Organizational charts and people databases can be further augmented with the introduction of skills databases. Coaching and mentoring decisions are greatly improved when managers are able to quickly identify existing employees with the right talents. 

Likewise, decisions about where to allocate resources for training and development can be made confidently. Skills gaps that may affect under-performance are understood, and complimentary talent stacks found in high performing employees can be replicated.

Selecting goals and consolidating data

Goals and objectives are necessary to focus individual and team energy and resources in the right place. They can also help ensure employees are aligned in their ambitions with the business, so that individual and company objectives work together in tandem.

Goal alignment – bringing the employee and company towards a shared vision

Aligning the employee’s expectations with the culture of the company is the first step towards achieving the best results. Bringing an additional layer of alignment to their goals and objectives is the next step towards achieving company strategy.

Start by creating meaningful goals which bring the employee’s professional development in line with the business’s core objectives. This will help them to prioritize their existing work to improve retention and execution. Setting goals that allow the individual to feel connected to the company’s mission creates investment and responsibility.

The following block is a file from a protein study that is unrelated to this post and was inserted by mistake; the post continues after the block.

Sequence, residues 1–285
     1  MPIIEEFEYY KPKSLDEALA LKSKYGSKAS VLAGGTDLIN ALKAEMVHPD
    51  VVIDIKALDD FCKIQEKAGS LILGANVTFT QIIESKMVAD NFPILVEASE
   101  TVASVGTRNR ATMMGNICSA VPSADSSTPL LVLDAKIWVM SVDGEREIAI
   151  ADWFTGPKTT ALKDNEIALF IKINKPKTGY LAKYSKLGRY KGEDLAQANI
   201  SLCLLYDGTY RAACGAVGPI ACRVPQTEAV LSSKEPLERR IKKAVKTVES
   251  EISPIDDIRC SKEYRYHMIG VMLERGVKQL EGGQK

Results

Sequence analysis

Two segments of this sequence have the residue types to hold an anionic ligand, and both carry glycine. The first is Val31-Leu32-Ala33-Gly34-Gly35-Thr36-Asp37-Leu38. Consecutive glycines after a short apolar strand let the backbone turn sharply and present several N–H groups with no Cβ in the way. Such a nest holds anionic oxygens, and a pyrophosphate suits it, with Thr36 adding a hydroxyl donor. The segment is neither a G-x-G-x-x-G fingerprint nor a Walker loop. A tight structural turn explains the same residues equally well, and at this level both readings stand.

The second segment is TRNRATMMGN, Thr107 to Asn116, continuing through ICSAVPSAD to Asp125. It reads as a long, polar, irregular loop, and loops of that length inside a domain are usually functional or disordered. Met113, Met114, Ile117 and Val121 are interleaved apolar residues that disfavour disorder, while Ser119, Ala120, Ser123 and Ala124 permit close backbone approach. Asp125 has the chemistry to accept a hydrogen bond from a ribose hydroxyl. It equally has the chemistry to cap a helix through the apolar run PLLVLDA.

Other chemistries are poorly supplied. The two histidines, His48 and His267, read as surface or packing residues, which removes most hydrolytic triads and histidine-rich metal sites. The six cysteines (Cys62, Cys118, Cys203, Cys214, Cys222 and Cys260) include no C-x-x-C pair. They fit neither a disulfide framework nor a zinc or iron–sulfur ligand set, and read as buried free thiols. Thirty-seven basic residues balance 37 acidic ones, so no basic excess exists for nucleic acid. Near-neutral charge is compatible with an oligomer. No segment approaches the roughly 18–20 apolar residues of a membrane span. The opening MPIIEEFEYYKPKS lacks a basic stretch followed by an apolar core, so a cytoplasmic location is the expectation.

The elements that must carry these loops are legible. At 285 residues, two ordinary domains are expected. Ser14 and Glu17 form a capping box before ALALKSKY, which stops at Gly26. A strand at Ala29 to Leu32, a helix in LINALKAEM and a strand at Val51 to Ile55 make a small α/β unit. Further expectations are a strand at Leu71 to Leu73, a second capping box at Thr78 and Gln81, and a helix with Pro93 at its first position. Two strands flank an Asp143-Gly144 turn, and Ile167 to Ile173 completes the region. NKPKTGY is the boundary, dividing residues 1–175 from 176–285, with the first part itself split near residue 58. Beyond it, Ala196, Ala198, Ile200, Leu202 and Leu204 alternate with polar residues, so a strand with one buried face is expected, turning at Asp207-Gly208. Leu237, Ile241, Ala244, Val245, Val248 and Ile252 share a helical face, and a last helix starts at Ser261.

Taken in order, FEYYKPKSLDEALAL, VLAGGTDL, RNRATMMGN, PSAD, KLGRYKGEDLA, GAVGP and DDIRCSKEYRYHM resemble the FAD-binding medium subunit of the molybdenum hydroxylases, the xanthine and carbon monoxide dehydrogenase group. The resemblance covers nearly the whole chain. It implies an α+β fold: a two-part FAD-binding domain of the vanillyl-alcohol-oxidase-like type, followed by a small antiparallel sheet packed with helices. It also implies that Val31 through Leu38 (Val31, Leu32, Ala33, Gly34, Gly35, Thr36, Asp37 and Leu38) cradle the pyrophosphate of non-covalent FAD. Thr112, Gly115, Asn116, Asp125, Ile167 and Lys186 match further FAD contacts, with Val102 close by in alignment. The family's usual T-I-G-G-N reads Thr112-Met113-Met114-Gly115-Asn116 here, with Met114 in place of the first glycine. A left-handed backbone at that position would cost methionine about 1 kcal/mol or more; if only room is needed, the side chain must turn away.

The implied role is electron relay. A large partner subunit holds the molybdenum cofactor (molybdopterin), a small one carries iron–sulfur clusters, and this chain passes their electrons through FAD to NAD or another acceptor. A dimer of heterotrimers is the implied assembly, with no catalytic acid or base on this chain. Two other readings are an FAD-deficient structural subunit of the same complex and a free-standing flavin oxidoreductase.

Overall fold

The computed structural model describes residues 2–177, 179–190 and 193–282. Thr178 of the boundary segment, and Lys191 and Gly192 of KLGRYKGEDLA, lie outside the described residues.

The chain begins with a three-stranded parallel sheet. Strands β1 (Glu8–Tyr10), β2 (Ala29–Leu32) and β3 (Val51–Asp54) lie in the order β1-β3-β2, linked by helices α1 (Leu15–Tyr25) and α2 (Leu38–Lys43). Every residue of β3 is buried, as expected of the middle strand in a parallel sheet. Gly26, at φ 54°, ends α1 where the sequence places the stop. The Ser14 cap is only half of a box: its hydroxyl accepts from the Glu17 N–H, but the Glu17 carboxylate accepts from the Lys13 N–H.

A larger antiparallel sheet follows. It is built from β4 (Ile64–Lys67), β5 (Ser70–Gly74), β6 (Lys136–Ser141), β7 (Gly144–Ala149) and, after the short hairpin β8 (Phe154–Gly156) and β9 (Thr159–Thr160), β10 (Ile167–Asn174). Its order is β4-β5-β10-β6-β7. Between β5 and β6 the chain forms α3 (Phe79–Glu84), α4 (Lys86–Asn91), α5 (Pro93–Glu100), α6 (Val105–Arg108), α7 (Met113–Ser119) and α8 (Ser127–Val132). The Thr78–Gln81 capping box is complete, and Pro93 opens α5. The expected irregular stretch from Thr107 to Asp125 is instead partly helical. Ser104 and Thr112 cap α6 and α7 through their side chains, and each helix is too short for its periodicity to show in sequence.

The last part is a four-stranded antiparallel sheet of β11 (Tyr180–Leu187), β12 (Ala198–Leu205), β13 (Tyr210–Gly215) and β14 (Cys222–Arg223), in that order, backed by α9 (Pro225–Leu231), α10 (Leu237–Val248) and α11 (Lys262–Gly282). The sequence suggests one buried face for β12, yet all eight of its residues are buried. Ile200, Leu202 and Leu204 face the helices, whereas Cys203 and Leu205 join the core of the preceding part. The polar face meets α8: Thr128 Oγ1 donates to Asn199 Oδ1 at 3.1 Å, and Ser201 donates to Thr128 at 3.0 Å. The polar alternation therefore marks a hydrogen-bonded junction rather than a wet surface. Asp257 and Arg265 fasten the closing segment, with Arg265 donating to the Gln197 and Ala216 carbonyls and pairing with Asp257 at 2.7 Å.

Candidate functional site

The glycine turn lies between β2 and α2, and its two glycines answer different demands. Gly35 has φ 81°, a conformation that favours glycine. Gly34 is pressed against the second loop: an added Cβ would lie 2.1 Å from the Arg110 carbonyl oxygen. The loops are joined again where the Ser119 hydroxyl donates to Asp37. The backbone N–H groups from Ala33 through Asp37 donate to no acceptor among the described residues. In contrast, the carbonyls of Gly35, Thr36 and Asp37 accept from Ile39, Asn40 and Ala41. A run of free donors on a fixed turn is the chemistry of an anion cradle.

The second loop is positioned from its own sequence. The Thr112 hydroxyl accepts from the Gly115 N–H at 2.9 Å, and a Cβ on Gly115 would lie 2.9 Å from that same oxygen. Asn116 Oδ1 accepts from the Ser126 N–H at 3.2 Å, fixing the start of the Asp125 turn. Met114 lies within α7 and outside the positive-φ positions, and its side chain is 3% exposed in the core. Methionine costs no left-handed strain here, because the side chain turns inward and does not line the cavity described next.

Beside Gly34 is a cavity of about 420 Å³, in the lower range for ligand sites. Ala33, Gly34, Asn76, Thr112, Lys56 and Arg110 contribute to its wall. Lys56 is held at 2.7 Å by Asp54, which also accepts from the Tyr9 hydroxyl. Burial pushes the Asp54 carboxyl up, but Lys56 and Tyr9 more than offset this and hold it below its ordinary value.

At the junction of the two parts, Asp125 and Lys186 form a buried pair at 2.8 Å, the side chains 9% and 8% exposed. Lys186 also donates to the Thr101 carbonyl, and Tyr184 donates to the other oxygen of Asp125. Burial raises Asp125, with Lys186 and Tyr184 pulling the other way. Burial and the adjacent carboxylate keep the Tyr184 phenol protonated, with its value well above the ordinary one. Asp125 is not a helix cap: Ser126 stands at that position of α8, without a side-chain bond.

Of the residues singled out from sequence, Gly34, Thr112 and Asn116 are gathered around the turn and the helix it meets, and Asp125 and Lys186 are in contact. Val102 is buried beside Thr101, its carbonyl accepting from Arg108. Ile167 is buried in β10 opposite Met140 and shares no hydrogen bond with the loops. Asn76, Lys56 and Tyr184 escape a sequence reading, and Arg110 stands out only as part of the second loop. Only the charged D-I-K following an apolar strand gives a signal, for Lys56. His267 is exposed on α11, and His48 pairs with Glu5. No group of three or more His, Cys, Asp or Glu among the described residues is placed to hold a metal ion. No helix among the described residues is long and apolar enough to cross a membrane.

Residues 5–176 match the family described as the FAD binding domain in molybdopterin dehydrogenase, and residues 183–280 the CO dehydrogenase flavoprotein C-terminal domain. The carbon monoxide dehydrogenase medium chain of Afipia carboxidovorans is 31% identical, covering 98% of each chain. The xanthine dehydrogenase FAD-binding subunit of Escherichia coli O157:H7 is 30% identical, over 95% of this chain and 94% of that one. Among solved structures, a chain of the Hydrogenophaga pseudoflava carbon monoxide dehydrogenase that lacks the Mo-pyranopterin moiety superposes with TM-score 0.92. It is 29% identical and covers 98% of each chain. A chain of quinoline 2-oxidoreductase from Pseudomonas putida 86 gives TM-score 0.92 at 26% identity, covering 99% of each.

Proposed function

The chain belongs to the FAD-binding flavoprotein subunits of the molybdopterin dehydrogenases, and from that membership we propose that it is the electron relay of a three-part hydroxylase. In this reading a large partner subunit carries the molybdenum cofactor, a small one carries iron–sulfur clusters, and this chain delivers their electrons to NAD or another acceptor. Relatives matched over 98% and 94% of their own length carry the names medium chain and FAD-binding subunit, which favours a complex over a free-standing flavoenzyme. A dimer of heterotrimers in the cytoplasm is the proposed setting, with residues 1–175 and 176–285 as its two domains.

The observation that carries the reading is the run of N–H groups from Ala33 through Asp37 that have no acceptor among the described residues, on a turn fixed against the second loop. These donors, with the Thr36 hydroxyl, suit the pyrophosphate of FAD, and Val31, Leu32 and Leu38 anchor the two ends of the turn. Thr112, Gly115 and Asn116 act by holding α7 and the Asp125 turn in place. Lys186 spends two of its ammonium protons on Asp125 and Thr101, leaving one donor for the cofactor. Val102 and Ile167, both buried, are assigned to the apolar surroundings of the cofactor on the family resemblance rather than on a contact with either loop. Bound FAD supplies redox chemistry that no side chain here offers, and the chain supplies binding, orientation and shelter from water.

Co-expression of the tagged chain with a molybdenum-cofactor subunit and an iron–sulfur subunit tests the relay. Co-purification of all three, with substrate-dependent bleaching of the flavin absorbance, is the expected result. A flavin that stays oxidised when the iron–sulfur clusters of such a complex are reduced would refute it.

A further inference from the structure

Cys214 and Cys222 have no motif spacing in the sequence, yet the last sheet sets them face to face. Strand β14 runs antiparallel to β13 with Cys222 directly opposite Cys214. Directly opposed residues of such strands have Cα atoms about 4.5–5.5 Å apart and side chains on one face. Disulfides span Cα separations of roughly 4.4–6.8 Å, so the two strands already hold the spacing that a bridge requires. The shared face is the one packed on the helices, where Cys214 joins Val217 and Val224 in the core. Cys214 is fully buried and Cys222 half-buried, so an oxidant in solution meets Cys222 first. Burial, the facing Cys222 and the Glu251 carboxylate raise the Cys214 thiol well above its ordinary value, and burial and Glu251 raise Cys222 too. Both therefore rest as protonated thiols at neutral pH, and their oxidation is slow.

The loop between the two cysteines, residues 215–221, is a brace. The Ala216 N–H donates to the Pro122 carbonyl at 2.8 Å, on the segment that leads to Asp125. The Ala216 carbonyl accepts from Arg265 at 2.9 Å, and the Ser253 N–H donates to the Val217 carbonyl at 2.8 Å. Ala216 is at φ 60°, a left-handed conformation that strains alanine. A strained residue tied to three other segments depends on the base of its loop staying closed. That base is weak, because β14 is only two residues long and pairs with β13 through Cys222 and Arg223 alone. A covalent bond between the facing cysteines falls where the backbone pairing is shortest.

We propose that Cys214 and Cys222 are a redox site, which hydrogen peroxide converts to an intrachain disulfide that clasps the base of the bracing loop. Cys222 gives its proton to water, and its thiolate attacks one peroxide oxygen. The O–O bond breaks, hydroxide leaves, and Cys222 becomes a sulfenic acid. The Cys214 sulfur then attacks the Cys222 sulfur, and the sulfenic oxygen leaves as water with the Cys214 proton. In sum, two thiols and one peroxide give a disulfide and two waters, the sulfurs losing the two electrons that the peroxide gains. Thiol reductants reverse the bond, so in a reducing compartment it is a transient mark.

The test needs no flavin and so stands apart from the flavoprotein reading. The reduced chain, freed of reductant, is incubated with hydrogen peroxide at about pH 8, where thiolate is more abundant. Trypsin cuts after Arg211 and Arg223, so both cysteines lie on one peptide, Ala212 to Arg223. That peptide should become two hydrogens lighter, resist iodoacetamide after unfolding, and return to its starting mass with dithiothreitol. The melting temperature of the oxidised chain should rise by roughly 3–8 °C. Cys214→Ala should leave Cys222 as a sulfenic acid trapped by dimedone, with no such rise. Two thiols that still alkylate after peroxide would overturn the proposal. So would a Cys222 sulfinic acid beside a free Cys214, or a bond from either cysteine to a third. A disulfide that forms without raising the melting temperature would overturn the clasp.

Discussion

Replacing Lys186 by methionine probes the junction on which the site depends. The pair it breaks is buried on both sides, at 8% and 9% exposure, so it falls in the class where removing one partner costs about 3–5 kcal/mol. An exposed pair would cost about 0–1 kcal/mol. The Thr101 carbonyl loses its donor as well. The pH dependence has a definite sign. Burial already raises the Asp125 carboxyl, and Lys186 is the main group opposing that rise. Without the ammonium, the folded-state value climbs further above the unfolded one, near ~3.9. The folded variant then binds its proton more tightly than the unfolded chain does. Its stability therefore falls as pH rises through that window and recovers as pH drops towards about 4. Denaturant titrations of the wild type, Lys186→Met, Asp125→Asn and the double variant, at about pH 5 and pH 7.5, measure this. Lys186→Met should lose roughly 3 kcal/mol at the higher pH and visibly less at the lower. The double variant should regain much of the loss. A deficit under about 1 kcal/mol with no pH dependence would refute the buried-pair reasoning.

The onboarding phase allows HR leaders and managers to clarify the nature of their role in the company. By working closely with employees when setting goals, organizations are more likely to outperform the competition.

From objectives and key results to key performance indicators – setting the right metrics for success

Understanding how effectively progress is being made towards these goals requires clear metrics. These objectives and key results (OKRs) and key performance indicators (KPIs) can be tracked in real-time through performance management tools. 

Some questions to consider when establishing these metrics include:

  1. Do they offer consistent insights into operational aspects of the business?
  2. Can this data be gathered in a timely manner?
  3. Are they designed to reflect the effectiveness of the business?
  4. Can this data be analysed to identify emerging patterns or trends?
  5. Is this information presented in a useful manner which can assist management in decision making?

Positive answers to each of these questions is important, regardless of whether these metrics relate to financial or non-financial terms. Clarity of goals ensures that a business performance management system is oriented towards delivering the best data possible.

The data gathered then needs to be understood if it is to be effectively acted upon. Performance management software provides the tools for breaking this information down into its useful constituents: